Hydra Fashion Week discuss songs catching them off guard

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Hydra Fashion Week discuss songs catching them off guard

Hydra Fashion Week
Words by Lewis Noke Edwards

We were lucky enough to chat to Charlie Teitelbaum of Hydra Fashion Week about their approach to making, building, recording and producing music.

Hydra Fashion Week provide a unique take what they describe as “jazzy-hyper-punk”. Recommended for, well… just about everyone, “Total Freefall” was the first single from the album Serpent Season One which is out now.

Charlie, congrats on the release of “Total Freefall”! Hydra Fashion Week’s music blends together so many layers and influences, where do songs start?

Songs tend to catch you off guard, and you never quite predict where they came from. My main inspiration for songs though, is other songs! Usually another piece of music will get me so worked up and obsessed, I dive into it and try to capture its essence and bring it into my world. Hydra world.

This one in particular was a Beyonce or Migos song I was obsessed with. It came pretty naturally, taking a piece of the flow and melody from the song, and combining it with something else. I would sing a version of that into my phone recordings, and kept working at it and expanding it, just me + a guitar.

I rely heavily on the Voice Memo and Notes apps. I would say they might be the most important pieces of gear in my creative workflow. I currently have 3,825 notes in my notes app–and counting. Yikes!!

How have you arrived at this sound?

We call our brand of music “jazzy-hyper-punk” …

For this particular song, I wanted to marry the aesthetics of American pop/rap/hyper-pop music with a Melbourne jangle/indie rock type beat in a really obvious way. It’s about combining the global and the local.  I’ve definitely been influenced by sooo many great bands in the local scene over the years, but I did feel like there is an insular “inward-looking” nature to the sound of a lot of this music, and I wanted to expand that. Maybe a bit ambitious and delusional, but I put two things together that usually wouldn’t. It’s almost speculative fiction… like what if Charli XCX sang a Twerps song?

What inspired you to write a song about creation and writing itself? Did you start out with the intention for it to be as meta as it ended up?

Haha, no I don’t usually tend to get so meta, but I am an overstimulated millennial and cannot help but look at things from every angle. It just sort of happened, and what was on my mind when I was writing it.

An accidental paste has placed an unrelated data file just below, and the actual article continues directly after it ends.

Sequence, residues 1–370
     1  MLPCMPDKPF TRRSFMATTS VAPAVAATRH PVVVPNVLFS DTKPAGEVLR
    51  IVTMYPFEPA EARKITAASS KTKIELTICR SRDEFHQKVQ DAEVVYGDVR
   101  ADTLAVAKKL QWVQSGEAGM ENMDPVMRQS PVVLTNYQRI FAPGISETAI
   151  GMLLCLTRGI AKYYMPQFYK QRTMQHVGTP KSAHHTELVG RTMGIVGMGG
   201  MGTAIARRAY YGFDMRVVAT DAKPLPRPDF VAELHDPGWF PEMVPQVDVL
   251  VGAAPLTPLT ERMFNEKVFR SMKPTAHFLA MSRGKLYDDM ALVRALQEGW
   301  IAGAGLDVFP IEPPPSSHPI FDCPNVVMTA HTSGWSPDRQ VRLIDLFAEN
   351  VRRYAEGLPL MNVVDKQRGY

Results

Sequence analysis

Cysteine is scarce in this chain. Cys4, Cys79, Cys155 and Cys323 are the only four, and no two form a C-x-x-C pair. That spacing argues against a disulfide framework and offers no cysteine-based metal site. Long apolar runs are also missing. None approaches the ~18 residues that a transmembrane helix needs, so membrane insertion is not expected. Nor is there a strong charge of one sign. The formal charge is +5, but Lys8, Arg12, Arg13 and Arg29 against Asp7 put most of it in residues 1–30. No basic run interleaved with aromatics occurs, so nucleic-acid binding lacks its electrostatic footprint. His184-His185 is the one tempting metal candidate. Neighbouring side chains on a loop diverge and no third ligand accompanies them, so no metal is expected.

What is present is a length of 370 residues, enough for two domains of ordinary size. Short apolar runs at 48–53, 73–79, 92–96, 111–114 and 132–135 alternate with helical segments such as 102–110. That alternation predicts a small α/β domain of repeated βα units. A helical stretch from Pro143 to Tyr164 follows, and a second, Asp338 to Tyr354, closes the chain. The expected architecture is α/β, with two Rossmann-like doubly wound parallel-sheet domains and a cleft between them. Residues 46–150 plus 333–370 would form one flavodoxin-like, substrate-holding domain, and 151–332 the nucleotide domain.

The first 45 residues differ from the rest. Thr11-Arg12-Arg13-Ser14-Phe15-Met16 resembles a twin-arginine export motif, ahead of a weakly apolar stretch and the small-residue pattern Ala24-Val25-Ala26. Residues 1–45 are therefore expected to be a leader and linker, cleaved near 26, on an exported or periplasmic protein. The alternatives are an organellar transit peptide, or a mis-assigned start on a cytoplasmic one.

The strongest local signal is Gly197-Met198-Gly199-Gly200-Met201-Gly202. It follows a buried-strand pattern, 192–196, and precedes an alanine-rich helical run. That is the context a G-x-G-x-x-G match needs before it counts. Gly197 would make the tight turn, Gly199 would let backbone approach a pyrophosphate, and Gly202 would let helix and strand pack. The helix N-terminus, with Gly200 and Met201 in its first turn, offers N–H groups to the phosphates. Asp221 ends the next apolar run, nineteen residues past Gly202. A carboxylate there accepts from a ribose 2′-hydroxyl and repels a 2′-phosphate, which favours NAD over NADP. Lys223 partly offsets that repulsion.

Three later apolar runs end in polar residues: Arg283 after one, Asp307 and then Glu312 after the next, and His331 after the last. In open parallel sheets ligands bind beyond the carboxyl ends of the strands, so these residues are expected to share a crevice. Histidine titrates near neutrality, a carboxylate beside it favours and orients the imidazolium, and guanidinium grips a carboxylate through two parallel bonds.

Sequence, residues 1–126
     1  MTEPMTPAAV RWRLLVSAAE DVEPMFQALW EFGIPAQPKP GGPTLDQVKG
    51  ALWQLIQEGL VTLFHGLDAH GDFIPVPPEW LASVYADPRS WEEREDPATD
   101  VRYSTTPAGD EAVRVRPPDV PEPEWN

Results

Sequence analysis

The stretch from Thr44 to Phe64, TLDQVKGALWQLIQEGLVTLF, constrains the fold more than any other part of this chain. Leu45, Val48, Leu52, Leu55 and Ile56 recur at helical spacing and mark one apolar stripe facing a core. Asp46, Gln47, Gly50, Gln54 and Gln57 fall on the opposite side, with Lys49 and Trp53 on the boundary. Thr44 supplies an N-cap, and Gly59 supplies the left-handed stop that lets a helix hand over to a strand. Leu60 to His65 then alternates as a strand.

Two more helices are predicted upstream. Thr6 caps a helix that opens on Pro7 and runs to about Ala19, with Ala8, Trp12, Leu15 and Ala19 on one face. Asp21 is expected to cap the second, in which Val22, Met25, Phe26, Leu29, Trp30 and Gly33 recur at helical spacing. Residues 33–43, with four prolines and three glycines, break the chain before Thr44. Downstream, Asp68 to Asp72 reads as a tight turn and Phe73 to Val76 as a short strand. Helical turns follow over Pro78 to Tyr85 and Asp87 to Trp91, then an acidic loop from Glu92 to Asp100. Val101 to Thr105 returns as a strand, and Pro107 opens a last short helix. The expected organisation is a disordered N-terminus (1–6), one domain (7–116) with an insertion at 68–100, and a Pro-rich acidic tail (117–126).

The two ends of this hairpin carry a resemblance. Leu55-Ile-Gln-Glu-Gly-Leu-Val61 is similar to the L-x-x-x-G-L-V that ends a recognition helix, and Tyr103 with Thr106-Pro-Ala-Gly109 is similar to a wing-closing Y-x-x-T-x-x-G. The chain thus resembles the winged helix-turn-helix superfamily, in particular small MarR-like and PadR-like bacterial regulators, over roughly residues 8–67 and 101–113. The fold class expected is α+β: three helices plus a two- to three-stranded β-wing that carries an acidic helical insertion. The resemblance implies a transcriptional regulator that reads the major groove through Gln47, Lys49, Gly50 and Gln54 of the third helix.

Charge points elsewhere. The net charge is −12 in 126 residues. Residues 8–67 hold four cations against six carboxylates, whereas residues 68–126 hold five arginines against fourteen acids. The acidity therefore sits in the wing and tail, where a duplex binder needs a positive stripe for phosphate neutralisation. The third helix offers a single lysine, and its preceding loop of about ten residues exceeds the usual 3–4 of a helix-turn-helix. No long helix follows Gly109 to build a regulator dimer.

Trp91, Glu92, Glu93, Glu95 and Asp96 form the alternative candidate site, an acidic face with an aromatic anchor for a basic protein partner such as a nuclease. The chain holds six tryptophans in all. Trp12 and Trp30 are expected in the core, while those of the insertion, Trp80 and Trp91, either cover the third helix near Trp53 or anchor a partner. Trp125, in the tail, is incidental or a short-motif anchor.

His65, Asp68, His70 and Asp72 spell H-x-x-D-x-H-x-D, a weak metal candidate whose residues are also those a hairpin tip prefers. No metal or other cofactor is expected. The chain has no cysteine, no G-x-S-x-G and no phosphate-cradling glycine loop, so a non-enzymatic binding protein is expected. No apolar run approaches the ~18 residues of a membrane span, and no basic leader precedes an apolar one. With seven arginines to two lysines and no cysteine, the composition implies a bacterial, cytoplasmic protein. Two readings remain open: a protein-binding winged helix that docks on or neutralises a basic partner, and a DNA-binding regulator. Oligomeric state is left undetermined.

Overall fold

What was the recording process of “Total Freefall” like?

The recording of this one was pretty seamless, we have a lot of songs that have sections for improvisation, and that can get a bit more chaotic. But I always wanted this one to be more tight, and everyone had it pretty locked in from the start.

We first recorded the main rhythmic parts as a band, and then once that was done, me and Matt (guitarist) came in and added all our extra layers.

Is there a clear delineation between the end of songwriting, the start of producing and recording? Maybe the workflow all blends together?

For me, it definitely blends together, as I feel producing is a big part of my songwriting. In a sense, the auto-tune is as important an instrument as the guitar is for a song like this. For this album I did a lot of post-production work (along with producer and mixer Ahm) choosing and cutting up takes we recorded as a band, which can bring new ideas to light in the arrangement.

Having said that, the song already had a strong identity from the whole band playing it live a lot before recording.

How do you think your education, a Bachelor in Fine Arts, influences the music you make? Do you find yourself sticking to the ‘conventions’ of music more or breaking them?

I’m not really sure to be honest. One of the most memorable parts of a degree like that is being exposed to as much weird and strange art as possible. So I think it definitely pushed me into thinking in a very concept-first way, as a contemporary artist would, rather than a musician creating intuitively through sound. This is sometimes a bad thing, and I have to peel that part of me back and find the balance between concept and intuition. 

Hydra Fashion Week Charlie

Thanks for your time! Surely you’d have a story or two to tell about the making of “Total Freefall”?

While the recording of the song was pretty straight-forward, the shooting of the music video was certainly a hectic, fun and intense experience. 

So many people got involved last minute to make it what it was. We called up all the freaks we knew (and were available) for one scorching Tuesday afternoon, and got Brayden (the director) to follow us around playing our song and performing hijinks and weird shit in public. By the end of the day I was sunburnt in the strangest spots.

We were lucky enough to have the very-talented Kritikon Khamsawat design and hand-make some of the clothes for us, and performers from performance/art collective dand920 come do some cool stuff in front of the camera. It felt a very full circle moment to be surrounded by friends and fellow artists when singing the words “All the people I’ve known, all the words I’ve wrote out”. It wasn’t planned that way, but it turns out that sense of community is a big part of “Total Freefall”’s story.

The new Hydra Fashion Week album Serpent Season One is available everywhere now.